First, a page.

NESA by Makers / Unsplash Microsoft believes that every business will be an AI business in the next five years but there are concerns that people don’t fully understand the technology and will be left behind in the AI revolution.
Ahead of Future Decoded , the tech giant’s annual conference at the ExCel Centre in London, it released a new report, named Accelerating Competitive Advantage with AI , covering how businesses across the UK are using the technology.
The report shows that there is more awareness and adoption of AI overall among businesses, with 56 per cent of businesses adopting AI. However, less than a quarter of these organisations (24 per cent) have an AI strategy and 96 per cent of employees surveyed reporting that their bosses are adding AI without consulting them on the technology. This is fuelling anxiety around the technology, as well as concerns over job security.
“Based on the progress we’re seeing, we believe that every company will be an AI company in five years,” Microsoft’s UK COO Clare Barclay told the Standard . “As organisations start to use or think about using [AI], we want to encourage more open dialogue on this topic. Read more “Open communication is absolutely critical.”
To encourage discussions and education around AI, Microsoft is launching a new AI Business School in the UK. It has currently been running as a pilot for the past 12 months, and focuses on explaining the technology of AI, how it can inform strategies and the culture around it. For instance, one aspect of the programme will focus on the ethical decisions leaders have to make when it comes to AI, including how to construct and implement an ethical AI framework.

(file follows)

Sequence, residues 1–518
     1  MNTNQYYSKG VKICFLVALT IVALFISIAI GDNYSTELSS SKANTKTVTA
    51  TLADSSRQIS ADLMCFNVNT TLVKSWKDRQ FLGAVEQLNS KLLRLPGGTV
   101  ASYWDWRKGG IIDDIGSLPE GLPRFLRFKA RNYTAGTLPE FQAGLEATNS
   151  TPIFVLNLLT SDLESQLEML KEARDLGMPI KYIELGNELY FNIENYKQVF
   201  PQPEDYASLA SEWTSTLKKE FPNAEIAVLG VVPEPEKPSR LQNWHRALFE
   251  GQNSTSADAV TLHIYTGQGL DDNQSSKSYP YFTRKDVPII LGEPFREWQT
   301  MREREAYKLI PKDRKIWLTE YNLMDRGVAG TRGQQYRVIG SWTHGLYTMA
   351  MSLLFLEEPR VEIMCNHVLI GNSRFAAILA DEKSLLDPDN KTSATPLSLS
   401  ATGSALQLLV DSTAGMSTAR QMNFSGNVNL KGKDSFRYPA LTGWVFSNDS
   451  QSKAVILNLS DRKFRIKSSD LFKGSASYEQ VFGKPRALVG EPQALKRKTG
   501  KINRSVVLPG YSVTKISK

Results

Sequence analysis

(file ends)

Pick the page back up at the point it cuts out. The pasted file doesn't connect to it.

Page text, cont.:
But it’s not just for business leaders; while it will function as a physical space, there are also plans to implement online workshops for anyone to access. “We want to make sure we’re driving broad skills development. We’ve made a commitment to train 30,000 public sector employees and 500,000 UK citizens as part of that,” adds Barclay.
Microsoft isn’t the only tech company examining the role of AI in the UK. Recently, Samsung launched its new FAIR Future Initiative, which aims to educate the public on AI in order to involve everyone in the deployment of the tech. According to research carried out by Samsung, which surveyed the views of 5,250 people in the UK and Ireland, 51 per cent feel AI will have a positive impact on society as a whole, however around 90 per cent of people feel it is too complex to understand.
“That’s a significant challenge,” Teg Dosanjh, director of Connected Living at Samsung UK and Ireland, told the Standard . “We want to tackle that by having an online hub, so people can understand what AI is today, the terminology and demystifying it, and raise awareness around that.”
As well as the FAIR Future online hub , Samsung is taking its FAIR Future work on the road to encourage people across the UK to get ‘hands-on’ with the tech. Its first stop will be at the Norwich Science Festival later this month.
Samsung has been in the AI space for a while, particularly when it comes to smart devices and appliances in the home with its Connected Things platform. So why is now the time right for it to investigate attitudes to AI in real life? Dosanjh says it comes from the way the technology is accelerating.
“We’re not talking about just algorithms anymore – typically consistent calculations – but you’ve got these neural networks. And the technology and the capabilities of neural networks and machine learning have developed significantly over the last five years.”
He believes the onus is on tech companies to explain what’s going on in the industry. The survey found that most people gained knowledge on AI from the media, word of mouth and fiction – leaving governments and tech companies languishing behind. “We haven’t done a very good job of bringing people on the journey with us on AI. So we have to start at some point and involve everyone in that discussion.
“More of our lives and society are going to be impacted by AI and we’ve got to be very conscious of how we capitalise and bring those opportunities to life.”